So a little bit more information about the actual event. Anything. So you could lead your horse and that counts towards your miles. You can ride your horse and that counts towards your miles. You can drive your horse. I just saw somebody on Facebook the other day where they’re driving their mini, and they’re signed up to drive the hundred miles, or maybe they’re going to do a combo of driving and groundwork. I do know they’re not going to be riding. And so what’s interesting about this concept is that if you start stretching yourself to think, oh, instead of I’m not a person who is interested in the Tevis Cup in general, I’m never going to ride my horse 100 miles in 24 hours, which, by the way, there are lots of vet checks and you can’t just sign up and do that. You have to actually qualify. But for this 100 miles in 100 days, the question for me was, oh, that’s interesting, what could I learn? And my brain went to I probably already ride Willow, for example, the horse that I’m riding right now. I probably already ride her close to that. So then I became aware that I could just go back through my calendar where I write down how much I ride her.

I became aware that I could go back through my calendar, and I could probably add up the trail miles and know the answer to the question do I already ride 100 miles? But it actually leaves a huge gap because I don’t ever track the number of miles when I’m doing arena riding. So that’s an interesting place where I could learn a lot more. If I take on this challenge of actually tracking, which comes up with another point of resistance when you choose to do something that doesn’t exactly seem to fit with. Let’s just use the example of you have a goal to show your horse in Western dressage this year. It might seem like riding in something like the virtual Tevis Cup doesn’t fit, but that’s when I want you to ask yourself how does it fit? How does this layer in? Was that easy for you to go to? What’s your answer? How would signing up to ride 100 miles in 100 days? How would that support your goal of Western dressage? Or if you want to approach it from a different angle, does riding or doing groundwork does? I’m just going to say riding for most of the podcast. Just remember that you can actually be doing groundwork. So if I dismount and lead Willow on the trail right now, that also counts. How does riding your horse and having the goal of riding 100 miles and 100 days, how could that support your Western dressage goal? And those questions are where I like to live.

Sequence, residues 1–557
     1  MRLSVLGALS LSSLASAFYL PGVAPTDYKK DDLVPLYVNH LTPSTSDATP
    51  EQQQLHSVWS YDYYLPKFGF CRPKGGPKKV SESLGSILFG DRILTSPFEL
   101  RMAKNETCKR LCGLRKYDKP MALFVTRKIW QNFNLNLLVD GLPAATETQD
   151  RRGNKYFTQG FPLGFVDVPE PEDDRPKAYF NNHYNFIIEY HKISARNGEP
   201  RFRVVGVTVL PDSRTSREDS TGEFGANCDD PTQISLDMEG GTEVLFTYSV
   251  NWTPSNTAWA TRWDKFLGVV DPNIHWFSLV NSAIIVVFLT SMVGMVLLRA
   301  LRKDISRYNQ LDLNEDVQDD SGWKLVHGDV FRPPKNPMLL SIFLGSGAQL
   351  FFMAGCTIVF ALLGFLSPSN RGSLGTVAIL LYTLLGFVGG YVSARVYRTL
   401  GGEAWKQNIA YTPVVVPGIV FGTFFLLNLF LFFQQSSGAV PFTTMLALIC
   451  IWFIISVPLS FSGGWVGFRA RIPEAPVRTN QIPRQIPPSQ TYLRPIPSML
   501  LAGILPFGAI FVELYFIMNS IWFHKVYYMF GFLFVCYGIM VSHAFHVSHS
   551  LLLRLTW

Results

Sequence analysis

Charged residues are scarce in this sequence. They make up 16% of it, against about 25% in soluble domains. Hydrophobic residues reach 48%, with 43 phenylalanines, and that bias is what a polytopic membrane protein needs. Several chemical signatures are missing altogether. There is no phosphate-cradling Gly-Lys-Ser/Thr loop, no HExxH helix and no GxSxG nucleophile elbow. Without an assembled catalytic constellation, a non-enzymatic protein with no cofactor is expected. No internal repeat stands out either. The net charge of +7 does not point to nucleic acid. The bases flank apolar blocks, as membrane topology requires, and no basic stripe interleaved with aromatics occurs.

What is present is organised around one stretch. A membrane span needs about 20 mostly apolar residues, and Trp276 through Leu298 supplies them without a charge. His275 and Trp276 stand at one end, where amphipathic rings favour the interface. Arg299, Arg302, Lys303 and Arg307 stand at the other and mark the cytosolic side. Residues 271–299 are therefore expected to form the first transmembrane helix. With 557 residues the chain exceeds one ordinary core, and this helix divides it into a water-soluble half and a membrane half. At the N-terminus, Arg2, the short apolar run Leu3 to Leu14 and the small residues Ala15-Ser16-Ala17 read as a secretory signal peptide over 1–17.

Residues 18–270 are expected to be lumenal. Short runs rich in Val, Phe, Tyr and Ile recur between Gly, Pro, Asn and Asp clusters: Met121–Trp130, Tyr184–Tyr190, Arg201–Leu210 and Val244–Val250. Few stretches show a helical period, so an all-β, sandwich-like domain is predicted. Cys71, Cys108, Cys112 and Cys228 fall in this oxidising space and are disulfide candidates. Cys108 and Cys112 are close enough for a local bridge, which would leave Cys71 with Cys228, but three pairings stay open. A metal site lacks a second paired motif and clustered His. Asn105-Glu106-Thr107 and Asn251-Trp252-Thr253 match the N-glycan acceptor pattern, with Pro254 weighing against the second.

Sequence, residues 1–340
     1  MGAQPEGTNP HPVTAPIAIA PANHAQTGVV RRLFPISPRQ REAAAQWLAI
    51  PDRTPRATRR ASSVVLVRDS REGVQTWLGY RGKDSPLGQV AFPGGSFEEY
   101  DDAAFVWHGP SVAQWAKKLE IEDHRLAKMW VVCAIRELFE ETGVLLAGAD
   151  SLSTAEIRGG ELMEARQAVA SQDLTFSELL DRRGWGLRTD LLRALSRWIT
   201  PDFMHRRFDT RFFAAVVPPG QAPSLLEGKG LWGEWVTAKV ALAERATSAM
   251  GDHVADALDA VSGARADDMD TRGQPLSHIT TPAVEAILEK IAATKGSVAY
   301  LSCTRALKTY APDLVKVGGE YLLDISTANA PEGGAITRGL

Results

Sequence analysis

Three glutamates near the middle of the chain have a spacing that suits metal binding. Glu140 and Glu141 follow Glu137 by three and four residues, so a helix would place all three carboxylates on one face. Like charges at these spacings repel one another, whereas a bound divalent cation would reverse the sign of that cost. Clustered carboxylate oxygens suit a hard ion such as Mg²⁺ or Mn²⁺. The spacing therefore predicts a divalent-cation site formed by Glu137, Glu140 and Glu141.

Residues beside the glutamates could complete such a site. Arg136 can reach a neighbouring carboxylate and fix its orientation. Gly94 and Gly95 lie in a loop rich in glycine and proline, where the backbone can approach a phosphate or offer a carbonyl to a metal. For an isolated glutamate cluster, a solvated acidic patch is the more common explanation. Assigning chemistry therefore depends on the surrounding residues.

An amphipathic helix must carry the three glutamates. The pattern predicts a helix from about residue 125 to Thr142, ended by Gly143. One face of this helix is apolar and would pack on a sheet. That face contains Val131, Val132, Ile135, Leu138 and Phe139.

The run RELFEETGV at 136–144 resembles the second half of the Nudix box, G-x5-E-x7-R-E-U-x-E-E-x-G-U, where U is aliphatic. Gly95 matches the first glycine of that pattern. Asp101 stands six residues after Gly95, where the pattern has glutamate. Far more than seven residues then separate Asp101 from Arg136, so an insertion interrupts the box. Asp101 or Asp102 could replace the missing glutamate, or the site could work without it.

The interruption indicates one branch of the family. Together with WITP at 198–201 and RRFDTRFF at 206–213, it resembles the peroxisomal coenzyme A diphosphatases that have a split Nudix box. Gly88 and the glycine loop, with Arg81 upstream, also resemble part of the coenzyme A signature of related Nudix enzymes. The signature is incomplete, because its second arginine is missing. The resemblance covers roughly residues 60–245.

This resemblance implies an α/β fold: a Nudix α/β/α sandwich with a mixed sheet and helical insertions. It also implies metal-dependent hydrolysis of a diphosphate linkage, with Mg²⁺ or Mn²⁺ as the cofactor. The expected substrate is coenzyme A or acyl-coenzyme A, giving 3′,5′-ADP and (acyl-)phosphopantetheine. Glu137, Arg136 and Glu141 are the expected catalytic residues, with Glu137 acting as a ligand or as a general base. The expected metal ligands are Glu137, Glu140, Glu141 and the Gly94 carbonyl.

This is where I’ve trained my brain to see the similarities, to look for the complementing things that can happen. So for me, when I think about how could signing up for this virtual challenge help support my riding goals? Very quickly my brain goes to the four square model and I think fitness. So when I go out here on the trails, one of the reasons I love to trail ride all of my horses is for the fitness gain. I live in an area where I have access to trails with hills, and for me it feels a little bit like cheating because when I go on the hills, I can support just a little bit to say use your body correctly. So for example, I don’t want Willow rushing up or down a hill. So as long as I say to her you’re not allowed to rush up or down the hill, then the hill does the rest of the work for getting her to move and use her body correctly. That’s the part that feels a little bit like cheating to me, because to get her to do that level of engagement and collection in the arena requires me to do a lot more. So I love letting the Hill be the thing that shows my horse how to correctly use her body, and it’s really pretty up here.


Good. How about you? Beautiful day. Although I keep wondering if we’re going to get rained on. It’s not supposed to, but do we believe them? Great answer. Not until after I get home. You two have a great ride. And although I had this planned for later in the podcast, it’s a little bit of skipping ahead. But since I just ran into other trail rider’s on the trail, it’s worth noting. Another reason that I wanted to do this virtual challenge was for the community aspect of it, because I started the group, so we are going to be able to see each other’s progress and the team mileage as it racks up there. But also the Tevis Virtual has their own Facebook page, and it’s just kind of fun to be meeting up with other rider’s who have chosen the same challenge. Now for me, I also go out here and trail ride, and it brings me out onto the trails where I get to actually meet other people and stop and talk to them, which is really good for my horses and my training. So back to some of the points using the Four Square model number one horses, fitness and inside that same thing. So horse’s body rider’s body. There’s a fitness element to it that I enjoy doing on the trail. Now again, you could actually rack up these miles in an arena. And when I’m doing that, if I want to up the fitness level a little bit, then I add polls like ground polls first one single ground poll, and then I start working my way up from there so I can get a little bit of that same effect if I don’t have access to the hills.